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Gastroesophageal reflux disease (GERD) and upper respiratory symptoms (ENT)

Gastroesophageal reflux disease (GERD) and upper respiratory symptoms (ENT)

The notion that chronic or recurrent ENT disorders may be related to a digestive disorder like GERD has been known for only a few years. However, the relation between GERD and the chronic inflammation of the lower respiratory tracts has been known for more than a century.

The analogy with the inflammation of the upper respiratory tract is strong and finally prevailed. Considered for a long time "atypical" manifestations of reflux, these ENT and bronchial pathologies are now recognised by gastroenterologists as an integral part of the disease.

What is laryngopharyngeal reflux?

Your saliva and food normally transit through the oesophagus towards the stomach on a one-way basis. GERD is the abnormal backflow of part of the gastric contents in the opposite direction, that is to say in the oesophagus, then in the pharynx and in the larynx: this phenomenon is called laryngopharyngeal reflux (LPR).

LPR is very common in the adult Western population: about 60% of asthmatics also have LPR, whilst 50% of people with chronic cough and up to 80% of people having a sensation of a lump in the throat (also called globus) suffer from LPR. However, the majority of patients with LPR suffers from minor and intermittent symptoms and do not consult an ENT specialist. LPR is often a chronic disorder.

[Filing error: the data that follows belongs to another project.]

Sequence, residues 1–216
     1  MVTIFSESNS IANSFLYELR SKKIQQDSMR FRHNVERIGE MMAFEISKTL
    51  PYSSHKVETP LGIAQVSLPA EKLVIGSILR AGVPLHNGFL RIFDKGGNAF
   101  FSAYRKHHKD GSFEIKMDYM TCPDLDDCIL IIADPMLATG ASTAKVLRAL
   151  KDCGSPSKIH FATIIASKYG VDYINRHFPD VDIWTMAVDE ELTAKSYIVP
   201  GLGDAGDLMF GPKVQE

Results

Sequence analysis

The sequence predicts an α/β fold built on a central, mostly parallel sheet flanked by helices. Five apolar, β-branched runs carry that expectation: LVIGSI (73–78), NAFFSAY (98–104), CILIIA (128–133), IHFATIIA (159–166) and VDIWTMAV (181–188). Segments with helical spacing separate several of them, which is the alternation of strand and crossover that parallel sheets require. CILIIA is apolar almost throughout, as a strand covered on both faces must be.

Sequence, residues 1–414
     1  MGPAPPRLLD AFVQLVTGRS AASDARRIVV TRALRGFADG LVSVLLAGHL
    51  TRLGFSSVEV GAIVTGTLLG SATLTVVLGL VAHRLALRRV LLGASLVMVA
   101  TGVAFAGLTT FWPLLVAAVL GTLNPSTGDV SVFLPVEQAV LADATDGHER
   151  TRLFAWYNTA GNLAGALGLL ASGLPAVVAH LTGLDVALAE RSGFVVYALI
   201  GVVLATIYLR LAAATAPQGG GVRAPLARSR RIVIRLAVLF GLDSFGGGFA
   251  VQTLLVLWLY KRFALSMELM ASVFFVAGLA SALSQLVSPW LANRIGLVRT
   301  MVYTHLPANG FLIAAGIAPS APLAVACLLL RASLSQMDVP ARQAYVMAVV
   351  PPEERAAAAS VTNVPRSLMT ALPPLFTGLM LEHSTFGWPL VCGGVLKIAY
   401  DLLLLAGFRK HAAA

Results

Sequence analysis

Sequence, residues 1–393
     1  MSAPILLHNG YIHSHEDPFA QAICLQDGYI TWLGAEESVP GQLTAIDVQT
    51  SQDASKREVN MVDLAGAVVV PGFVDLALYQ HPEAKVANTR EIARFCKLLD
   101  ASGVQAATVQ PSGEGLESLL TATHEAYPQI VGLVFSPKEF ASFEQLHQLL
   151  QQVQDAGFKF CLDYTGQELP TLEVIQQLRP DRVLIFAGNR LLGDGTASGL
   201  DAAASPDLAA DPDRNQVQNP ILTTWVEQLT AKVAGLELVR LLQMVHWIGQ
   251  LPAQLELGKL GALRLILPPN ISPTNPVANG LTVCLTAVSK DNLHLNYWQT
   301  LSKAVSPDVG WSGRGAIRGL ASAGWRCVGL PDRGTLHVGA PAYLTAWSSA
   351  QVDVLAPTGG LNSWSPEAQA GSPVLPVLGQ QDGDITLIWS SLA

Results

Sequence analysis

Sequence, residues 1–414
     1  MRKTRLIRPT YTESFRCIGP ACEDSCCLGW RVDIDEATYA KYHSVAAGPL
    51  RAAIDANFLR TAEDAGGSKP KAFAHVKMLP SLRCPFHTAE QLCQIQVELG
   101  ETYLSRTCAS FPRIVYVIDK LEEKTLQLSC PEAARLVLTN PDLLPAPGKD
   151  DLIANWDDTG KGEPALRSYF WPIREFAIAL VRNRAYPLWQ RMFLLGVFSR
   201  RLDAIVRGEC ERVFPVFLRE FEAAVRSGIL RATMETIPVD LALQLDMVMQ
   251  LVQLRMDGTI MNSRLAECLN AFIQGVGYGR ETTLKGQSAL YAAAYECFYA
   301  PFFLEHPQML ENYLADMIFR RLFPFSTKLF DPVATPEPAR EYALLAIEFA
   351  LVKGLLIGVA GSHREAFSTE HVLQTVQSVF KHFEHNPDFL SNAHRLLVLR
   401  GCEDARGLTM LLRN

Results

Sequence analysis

The cause of LPR is complex but corresponds to a failure of the anatomical barrier (valve) located at the junction between the oesophagus and stomach.

What are the symptoms and signs of LPR?

Many of the symptoms of patients suffering from LPR are similar to those of gastroesophageal reflux or stomach ulcer. The backflow of acid gastric juices is the main cause of the burning of tissues. Heartburn is sometimes accompanied by a sensation of acid reflux in the throat or a bitter taste in the mouth. This is called acid regurgitation. Sometimes this sensation of reflux is not felt consciously.

In addition to the local pain caused by tissue irritation and the sensation of a foreign body or a lump in the throat, LPR may cause hoarseness or voice fatigue (called dysphonia) due to the irritation of the larynx. Other revealing symptoms of LPR include hypersalivation, difficulty in swallowing (or dysphagia), and several frequent respiratory symptoms (hoarseness, cough, asthma) that sometimes disrupt sleep.

An otorhinolaryngological examination (consisting of a flexible camera inserted through the nose) often can identify LPR when the throat (pharynx or larynx) presents some symptoms.

Persistent LPR without treatment may cause, after many years, oesophageal stenosis and even cancer.

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